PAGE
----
Sunday, 22 July 2012

O’Kelly’s Improve Your Chess Fast

Improve Your Chess Fast (IYCF) and its successor Assess Your Chess Fast (AYCF) are based on correspondence course that circulated in France and West Germany from 1970. IYCF is claimed to take its reader from being “a weak club player” to “an expert with FIDE rating of 2040-2120.”  It is difficult to compare ratings in different times and places, but I believe that 2000 is more realistic.  The book contains twelve lessons that were originally circulated at three week intervals.  Realistically, you have no chance of getting to 2000 in 36 weeks unless you are at least 1700 already.  (1700 is nearer the level of an average club player than a weak one, in England at least.)  I also think that it is also fair to say that the modern beginner / novice / kids books are better for players below 1700.  AYCF is intended to take its reader to Master level and is much harder.

The lessons in this book consist of annotated games and problems, along with some often inspiring general advice about how to approach the game.  The book has only 206 pages, but the material is shoe horned in, with virtually no white space.  Albert would have filled three times as many pages with the same material!  This degree of compression makes complex variations very hard to follow.  IYCF had served me well in the past and I had fond memories of it.  The games and problems are both interesting and instructive, and the book also has an eccentric charm.

One of the book’s many eccentricities is that the Contents is on the last page.  It took me a long time to realise that it had a contents list at all.  The contents list describes the twelve lessons as:
  1. The moves, notation, and the mate.
  2. Too early development of the queen, stalemate, elementary mates, Ruy Lopez, Scotch Game.
  3. Early engagement of forces: King’s Gambit.
  4. Control of the centre and space advantage.
  5. Attack and defence.
  6. The Pin.
  7. Attack on the King.
  8. Pair of Bishops.
  9. Action of the rooks.
  10. Good and bad bishops, bishops of opposite colours, queen endings.
  11. Rook endings and pawn endings.
  12. How to think.
This list is not terribly informative.  The games within each lesson generally illustrate many themes, and the problems are not at all related to the lesson headings.  The general flavour of the games is that of straightforward cut and thrust chess.  O’Kelly did not believe much in explanations.  He thought that rules of thumb to be too simplistic, and let the games speak for themselves.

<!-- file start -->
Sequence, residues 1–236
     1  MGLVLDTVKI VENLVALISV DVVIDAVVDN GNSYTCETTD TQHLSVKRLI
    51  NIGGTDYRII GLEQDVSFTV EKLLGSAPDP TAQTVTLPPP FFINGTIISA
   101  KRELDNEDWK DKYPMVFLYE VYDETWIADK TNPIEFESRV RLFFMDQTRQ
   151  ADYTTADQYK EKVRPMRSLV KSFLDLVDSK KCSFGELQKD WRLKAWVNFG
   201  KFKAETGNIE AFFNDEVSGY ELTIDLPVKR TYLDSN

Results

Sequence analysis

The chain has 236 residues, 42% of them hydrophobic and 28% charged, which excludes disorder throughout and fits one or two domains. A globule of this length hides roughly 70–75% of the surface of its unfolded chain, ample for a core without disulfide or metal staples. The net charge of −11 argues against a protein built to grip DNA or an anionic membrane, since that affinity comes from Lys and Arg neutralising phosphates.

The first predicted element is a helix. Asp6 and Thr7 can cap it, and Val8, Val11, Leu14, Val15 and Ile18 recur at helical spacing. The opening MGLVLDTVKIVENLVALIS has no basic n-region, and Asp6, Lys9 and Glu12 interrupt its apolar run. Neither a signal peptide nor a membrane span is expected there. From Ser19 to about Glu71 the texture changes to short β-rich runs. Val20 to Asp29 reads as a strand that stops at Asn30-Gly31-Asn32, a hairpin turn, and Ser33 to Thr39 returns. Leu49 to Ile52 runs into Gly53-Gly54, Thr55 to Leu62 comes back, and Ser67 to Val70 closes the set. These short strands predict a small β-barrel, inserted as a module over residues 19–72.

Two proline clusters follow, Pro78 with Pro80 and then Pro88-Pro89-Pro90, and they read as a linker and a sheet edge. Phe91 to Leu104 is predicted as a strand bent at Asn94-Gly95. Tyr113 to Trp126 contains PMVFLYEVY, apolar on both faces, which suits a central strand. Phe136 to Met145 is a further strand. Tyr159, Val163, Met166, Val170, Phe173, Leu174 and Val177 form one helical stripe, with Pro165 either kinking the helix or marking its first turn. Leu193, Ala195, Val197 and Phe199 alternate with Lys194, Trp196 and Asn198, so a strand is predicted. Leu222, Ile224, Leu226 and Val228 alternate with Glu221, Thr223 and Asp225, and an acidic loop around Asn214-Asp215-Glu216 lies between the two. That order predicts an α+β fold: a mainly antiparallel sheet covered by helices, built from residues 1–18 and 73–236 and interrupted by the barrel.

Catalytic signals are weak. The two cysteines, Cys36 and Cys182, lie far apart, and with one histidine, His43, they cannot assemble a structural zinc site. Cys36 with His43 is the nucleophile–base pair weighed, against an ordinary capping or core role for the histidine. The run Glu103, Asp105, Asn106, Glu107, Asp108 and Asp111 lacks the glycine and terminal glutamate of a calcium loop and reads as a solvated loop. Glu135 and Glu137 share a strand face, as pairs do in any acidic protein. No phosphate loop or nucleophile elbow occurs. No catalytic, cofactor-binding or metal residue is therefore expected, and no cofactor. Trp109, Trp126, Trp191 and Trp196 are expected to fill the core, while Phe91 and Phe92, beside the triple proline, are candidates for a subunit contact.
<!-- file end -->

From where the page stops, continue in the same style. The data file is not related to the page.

The book really does begin by explaining the rules!  Nonetheless, even the first lesson contains interesting games, and good problems.  There is some progression of difficulty through the book.  The first few lessons are relatively easy, but some of the games in the later lessons are very complicated.  Lesson 7, for example, includes Dubois vs. Steinitz London 1862:

This is a very interesting game, in that archetypal novice opening, the Giuoco Pianissimo. The analysis of this game comes from the Finnish International Master Book, and is very detailed, but this game is not at all easy!  Some of the annotation of other games is less good.  Important variations have been ignored in some positions.  I checked a couple of them on a computer and found that my moves were as good or better than those included in the text.  A Grand Master should have been able to do better.  I could only find a couple of the games online, but I looked only when I had trouble following the analysis with one board.  Nonetheless, most of the material appears to be original.

The problems are interesting and at the right level for me, but contain lots of errors.  I have not seen a good proportion of the problems elsewhere, but there are also some old chestnuts.  The book was not written by a native English speaker, and the language is very amusing in places.  The diagrams also have Jokers for bishops!  The book contains many typos.  Batsford appears to have just copied O’Kelly’s manuscript without any editing.  Perhaps O’Kelly demanded same approach as Cromwell famously did for his portrait: “warts and all.”

On this occasion, I worked through all the games in the first nine lessons.  The endgames in Lessons 10 and 11 look interesting, but I have been doing a lot of endgame study lately.  The final lesson is about De Groot, which is rather peripheral, and I have solved all the problems many times before.  I believe that this exercise was instructive, but it was also hard work!


  1. I picked up that book at a used bookstore some time ago. "One of the book’s many eccentricities..." is very describing.

  2. Chess books are sometimes hard to follow on more especially when you are just starting to learn the game. It's even more challenging to kids because the things they see are kind of complicated. Thus, it is advisable to obtain a simplified chess book in order to understand the rules of chess with clarity.

    You might also want to check out a related chess resource at

    1. Having studied this book as a child in the 1980's I wholeheartedly concur.

    2. I concur. Even more problematical is the layout of the book. As a child I missed many of the "ideas contained in the exercises" (sic the dust cover)and keep losing my place. The material was interesting, though, and it could be very valuable after some rewriting.

  3. Describing the rules at the beginning of this book is a joke really. Jeff Coakley's Winning Chess Strategy for Kids is an easier book, but it is still well beyond beginner level.